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Consider:

学生のようだ。

Without additional context can this statement mean both:

  1. He looks like a student. i.e. he has the stereotypical appearance of a student; he's wearing glasses, has a studious look, and appears not to have washed for a week. It could be that I know he is not a student. I'm just saying that he looks like one.
  2. He seems to be a student. i.e. judging by the evidence I believe that he is in fact a student. He doesn't necessarily have the appearance of a student, but the evidence points to him being one.

Can we rule out either of these possibilities grammatically, or is it purely down to context?

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  • Alternatively, the English expressions are also ambiguous: He seems like a student vs. He looks like a student. Without more context, we don't know if the speaker is talking purely about visual appearance, or about status. Commented Apr 30, 2019 at 0:24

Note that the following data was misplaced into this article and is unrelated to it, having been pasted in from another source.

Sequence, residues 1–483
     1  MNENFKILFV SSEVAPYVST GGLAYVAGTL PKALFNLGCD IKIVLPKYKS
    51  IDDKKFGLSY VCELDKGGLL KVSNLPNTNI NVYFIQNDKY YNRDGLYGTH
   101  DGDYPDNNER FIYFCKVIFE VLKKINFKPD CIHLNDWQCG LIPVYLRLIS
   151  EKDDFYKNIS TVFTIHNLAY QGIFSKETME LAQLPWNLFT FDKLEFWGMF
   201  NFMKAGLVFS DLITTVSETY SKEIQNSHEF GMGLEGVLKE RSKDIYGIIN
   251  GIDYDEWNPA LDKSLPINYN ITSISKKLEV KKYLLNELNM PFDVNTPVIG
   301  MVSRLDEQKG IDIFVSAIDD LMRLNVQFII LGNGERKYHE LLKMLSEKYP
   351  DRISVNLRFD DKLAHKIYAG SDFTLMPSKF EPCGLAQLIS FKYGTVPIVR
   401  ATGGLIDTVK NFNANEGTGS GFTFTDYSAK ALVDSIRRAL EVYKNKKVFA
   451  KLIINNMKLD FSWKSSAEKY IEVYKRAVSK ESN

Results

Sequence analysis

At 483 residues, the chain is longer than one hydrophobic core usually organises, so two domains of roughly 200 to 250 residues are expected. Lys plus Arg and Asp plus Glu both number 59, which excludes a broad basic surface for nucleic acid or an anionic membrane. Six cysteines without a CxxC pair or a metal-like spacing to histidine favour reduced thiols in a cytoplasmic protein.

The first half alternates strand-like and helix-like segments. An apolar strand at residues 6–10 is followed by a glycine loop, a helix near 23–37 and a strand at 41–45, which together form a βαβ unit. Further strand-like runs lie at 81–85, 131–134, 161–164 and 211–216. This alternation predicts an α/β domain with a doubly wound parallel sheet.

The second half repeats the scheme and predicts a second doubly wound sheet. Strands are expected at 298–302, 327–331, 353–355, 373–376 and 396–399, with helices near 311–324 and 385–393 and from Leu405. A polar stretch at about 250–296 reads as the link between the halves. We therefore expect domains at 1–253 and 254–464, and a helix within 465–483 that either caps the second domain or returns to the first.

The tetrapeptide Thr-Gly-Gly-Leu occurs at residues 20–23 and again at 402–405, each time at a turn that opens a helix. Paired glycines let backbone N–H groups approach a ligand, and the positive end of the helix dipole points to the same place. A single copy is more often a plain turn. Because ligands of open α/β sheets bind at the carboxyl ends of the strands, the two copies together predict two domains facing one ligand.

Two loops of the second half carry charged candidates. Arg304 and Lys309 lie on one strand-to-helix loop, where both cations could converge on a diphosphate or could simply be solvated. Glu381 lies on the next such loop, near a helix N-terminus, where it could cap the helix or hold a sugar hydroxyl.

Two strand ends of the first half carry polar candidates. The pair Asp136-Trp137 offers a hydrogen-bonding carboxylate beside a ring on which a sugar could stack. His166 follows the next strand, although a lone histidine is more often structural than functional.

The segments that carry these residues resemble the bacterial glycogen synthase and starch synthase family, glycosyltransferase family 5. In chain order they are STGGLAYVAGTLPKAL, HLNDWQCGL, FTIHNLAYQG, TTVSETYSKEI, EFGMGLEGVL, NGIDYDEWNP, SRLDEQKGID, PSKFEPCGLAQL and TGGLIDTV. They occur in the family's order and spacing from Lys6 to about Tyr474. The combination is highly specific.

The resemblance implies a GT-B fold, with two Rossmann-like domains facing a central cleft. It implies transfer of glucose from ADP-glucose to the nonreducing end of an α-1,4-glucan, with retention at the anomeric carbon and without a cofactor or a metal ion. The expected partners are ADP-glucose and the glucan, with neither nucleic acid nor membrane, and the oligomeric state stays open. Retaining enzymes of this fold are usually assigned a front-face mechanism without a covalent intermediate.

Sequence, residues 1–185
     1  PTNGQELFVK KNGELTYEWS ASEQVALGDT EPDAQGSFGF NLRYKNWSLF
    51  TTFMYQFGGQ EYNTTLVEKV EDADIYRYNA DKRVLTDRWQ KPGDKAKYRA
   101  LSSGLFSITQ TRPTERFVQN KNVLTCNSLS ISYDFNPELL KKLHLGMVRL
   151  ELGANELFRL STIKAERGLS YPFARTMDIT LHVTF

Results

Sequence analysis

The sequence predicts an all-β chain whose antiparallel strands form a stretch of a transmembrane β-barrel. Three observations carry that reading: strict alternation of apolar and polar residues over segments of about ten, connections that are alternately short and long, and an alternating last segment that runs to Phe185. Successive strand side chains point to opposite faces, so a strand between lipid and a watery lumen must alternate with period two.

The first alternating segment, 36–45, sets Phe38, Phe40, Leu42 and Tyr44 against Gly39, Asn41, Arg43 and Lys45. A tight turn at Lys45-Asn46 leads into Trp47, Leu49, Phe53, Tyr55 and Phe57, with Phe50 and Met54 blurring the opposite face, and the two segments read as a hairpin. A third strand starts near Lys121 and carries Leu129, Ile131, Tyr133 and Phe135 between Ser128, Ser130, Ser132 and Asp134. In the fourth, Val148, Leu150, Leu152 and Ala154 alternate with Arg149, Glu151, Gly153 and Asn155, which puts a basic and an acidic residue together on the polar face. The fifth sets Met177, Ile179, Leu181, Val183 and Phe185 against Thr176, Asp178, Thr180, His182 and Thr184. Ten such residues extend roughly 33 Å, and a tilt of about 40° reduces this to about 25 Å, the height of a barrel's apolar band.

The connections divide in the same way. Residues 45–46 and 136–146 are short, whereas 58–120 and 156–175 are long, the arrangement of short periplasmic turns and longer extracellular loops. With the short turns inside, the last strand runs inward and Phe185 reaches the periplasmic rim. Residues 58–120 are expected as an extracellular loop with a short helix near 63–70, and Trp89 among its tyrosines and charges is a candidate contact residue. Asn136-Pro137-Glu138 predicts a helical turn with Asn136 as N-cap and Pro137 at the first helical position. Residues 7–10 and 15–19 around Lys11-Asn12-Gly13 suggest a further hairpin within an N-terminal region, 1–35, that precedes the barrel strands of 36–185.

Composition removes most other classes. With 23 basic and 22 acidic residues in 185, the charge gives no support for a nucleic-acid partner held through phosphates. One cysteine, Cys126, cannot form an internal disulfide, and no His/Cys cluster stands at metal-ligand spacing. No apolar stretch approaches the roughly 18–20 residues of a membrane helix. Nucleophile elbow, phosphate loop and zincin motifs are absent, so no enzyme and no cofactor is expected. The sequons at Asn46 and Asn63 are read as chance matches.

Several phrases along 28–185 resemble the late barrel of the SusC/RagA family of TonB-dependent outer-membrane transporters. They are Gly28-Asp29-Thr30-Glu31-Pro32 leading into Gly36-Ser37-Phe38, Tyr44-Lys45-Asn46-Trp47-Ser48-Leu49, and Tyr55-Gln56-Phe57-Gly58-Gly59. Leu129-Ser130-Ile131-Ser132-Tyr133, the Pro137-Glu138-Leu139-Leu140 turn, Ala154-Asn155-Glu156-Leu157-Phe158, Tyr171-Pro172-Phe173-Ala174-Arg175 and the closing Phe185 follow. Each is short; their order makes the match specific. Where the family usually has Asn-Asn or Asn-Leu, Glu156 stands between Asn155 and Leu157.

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It purely depends on the context.

のようだ could mean "it appears like...", "it looks like...", "it seems like...", or even "it sounds like...".

But nobody uses のようだ without any context, so you usually know what the things that make "it" seem like XX are.

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